Prayeng man

When Prayer is Not Enough by Rabbi Janet Madden

Dying as Part of Life

In How We Die, surgeon and author Sherwin Nuland wrote: “We die so that the world may continue to live. We have been given the miracle of life because trillions upon trillions of living things have prepared the way for us and then have died—in a sense for us. We die, in turn, so that others may live. The tragedy of a single individual becomes, in the balance of natural things, the triumph of ongoing life.”

One of Nuland’s aims was to disabuse his readers of the notion of death with dignity; he wanted to point out that in fact death is messily undignified. But as a rabbi who has worked as a hospice chaplain and who is currently working as a hospital chaplain, I find these words and thoughts beautiful, even inspirational.  Although I am a well-schooled layperson in terms of the dying process and its toll on the body, the blessing of my work is that I am not confined to care only for the body.

I have attended three deaths in the past three days, and I’ve been pondering Nuland’s words as I encounter the mysterious and mystically liminal moments of life’s sacred portals: birth and death. I know and accept the facts: everything that lives, has ever lived and will ever live will die. This reality unfurls like a news crawl in the back of my brain while I am offering prayers and blessings for newborns and their parents; these words come always to the forefront of my mind as I attend a death.

The Personal Impact

But for a woman who is sobbing petitionary prayers in a hallway outside an ICU room as a rapid response team attempts to revive her husband or for a man who seems to physically shrink day by day as he sits at the bedside of his wife, clinging to hope that a test result that will lead to a miraculous reversal of her decline, the truth that life ends holds no beauty and is not assuaged by a sense of the universal.

The learning curve for those who put their faith in the human body (“He’s always been a fighter,” “She’s so incredibly strong”) or medical knowledge (“There must be something else you can do—another test—something?”) is excruciatingly steep. Even for those who accept that life is ending and for those who find comfort in prayer and ritual, there is profound shock in coming to the moment when the veils between the worlds thin and the irrevocable divide between life and death manifests.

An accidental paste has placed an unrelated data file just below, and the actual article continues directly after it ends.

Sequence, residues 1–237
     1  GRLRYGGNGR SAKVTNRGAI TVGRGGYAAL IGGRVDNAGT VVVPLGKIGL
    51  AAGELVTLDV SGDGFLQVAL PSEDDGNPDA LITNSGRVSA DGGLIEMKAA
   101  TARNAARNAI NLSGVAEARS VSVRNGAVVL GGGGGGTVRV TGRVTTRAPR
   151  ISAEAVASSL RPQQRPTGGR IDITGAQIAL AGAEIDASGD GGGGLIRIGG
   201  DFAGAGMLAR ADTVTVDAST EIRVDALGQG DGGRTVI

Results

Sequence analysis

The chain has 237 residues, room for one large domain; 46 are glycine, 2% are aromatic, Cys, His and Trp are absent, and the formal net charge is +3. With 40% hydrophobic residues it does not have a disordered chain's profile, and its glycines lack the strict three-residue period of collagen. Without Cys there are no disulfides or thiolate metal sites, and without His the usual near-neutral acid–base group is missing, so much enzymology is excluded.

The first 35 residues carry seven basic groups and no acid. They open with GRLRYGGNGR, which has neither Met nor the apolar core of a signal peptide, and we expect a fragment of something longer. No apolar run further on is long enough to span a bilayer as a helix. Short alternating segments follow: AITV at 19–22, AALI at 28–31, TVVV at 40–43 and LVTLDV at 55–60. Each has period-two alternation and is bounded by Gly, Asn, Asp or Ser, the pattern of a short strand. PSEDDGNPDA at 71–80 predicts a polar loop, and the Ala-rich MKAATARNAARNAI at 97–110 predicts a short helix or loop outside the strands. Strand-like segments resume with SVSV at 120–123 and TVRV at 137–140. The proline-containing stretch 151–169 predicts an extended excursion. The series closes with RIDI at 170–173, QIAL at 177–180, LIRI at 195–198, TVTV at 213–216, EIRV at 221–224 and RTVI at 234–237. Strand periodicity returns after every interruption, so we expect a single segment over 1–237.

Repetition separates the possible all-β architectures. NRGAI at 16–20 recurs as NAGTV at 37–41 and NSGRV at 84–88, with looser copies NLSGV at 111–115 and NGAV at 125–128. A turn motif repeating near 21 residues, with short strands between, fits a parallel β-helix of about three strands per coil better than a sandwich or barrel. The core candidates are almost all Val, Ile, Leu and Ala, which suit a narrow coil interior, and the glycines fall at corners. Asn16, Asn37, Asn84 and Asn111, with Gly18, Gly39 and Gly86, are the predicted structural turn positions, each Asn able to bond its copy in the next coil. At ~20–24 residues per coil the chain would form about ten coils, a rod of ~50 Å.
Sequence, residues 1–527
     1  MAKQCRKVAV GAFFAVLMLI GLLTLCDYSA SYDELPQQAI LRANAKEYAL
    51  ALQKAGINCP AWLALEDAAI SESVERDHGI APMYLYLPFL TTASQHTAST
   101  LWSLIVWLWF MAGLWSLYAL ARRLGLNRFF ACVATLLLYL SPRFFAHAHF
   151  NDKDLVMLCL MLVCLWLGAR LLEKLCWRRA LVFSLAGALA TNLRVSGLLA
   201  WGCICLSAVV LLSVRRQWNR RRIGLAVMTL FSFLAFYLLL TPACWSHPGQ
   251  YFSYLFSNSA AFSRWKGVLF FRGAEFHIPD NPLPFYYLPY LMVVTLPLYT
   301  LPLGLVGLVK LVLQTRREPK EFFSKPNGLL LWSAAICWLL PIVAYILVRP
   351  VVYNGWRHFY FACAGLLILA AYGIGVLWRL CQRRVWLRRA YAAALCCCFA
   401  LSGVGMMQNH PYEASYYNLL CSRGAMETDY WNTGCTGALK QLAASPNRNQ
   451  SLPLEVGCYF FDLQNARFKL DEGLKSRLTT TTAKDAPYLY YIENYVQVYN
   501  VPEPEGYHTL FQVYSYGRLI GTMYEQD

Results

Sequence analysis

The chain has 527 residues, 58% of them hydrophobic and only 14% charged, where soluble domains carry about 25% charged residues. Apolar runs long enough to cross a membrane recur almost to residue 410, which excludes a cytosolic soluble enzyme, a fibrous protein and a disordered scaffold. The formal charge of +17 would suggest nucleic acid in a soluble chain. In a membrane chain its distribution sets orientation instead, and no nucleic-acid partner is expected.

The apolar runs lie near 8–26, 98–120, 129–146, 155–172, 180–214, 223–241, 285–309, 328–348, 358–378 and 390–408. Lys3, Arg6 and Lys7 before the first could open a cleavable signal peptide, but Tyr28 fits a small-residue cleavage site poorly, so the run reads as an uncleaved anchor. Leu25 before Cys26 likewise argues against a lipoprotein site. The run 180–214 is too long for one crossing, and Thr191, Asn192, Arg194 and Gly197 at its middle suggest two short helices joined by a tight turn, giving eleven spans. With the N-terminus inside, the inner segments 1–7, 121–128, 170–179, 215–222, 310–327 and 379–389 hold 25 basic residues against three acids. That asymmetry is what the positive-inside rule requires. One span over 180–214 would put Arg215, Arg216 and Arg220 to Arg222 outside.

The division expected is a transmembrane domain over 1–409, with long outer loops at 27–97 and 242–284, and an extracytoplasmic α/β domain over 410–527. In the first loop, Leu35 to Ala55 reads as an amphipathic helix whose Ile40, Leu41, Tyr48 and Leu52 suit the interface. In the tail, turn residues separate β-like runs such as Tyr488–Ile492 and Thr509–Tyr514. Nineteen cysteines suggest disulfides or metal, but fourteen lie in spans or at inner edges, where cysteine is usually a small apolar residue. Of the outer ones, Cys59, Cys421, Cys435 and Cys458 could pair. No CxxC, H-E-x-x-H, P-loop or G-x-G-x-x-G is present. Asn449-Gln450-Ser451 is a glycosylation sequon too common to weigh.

In addition to the death itself, there are the after-shocks. Before the bereaved become mourners, in the first moments and hours when they are confronting the painful reality of loss, they are plunged into the business of death. The newly-bereaved must sign a release form for the body, observe a time limit that dictates how long they can stay with the body in the hospital room, make decisions about the disposition of the body, notify family and friends and answer questions about when and how death occurred and begin to make plans what comes next both for the deceased and for themselves. If the newly-bereaved are particularly unfortunate, they must also deal with learning that someone has posted the news of the death on facebook within minutes of being informed of the death, thus making public what has not yet had a chance to be communicated within the family.

Prayer is not enough

In these moments, prayer–no matter how beautiful, how sublimely profound, how potentially comforting–is not enough. Those of us who midwife the souls of the dying must transition to the things of olam ha zeh–this world. We must tend to the psycho-spiritual-emotional and physical needs of the living. It is not good enough to finish a Viddui, the final confession, and express our condolences. It is not good enough to ask the newly-bereaved “What can I do for you?” or “What do you need?” Shock and grief are paralytics. This is another liminality– the “sinking-in” time, the moments when families begin to grasp how this death has forever changed their lives. The time just after a death parallels the midrashic moment at the Sea of Reeds when G-d tells Moshe that there is a time for prayer and a time for action. The liminality of this time demands that clergy must wade into the swirling murkiness of shock and grief and position ourselves as comforters and guides, sometimes reassuring families that yes, their family member really is dead, sometimes simply standing by to bear witness to the tears, anger, endearments and reassurances that emerge.

The Role of Chaplain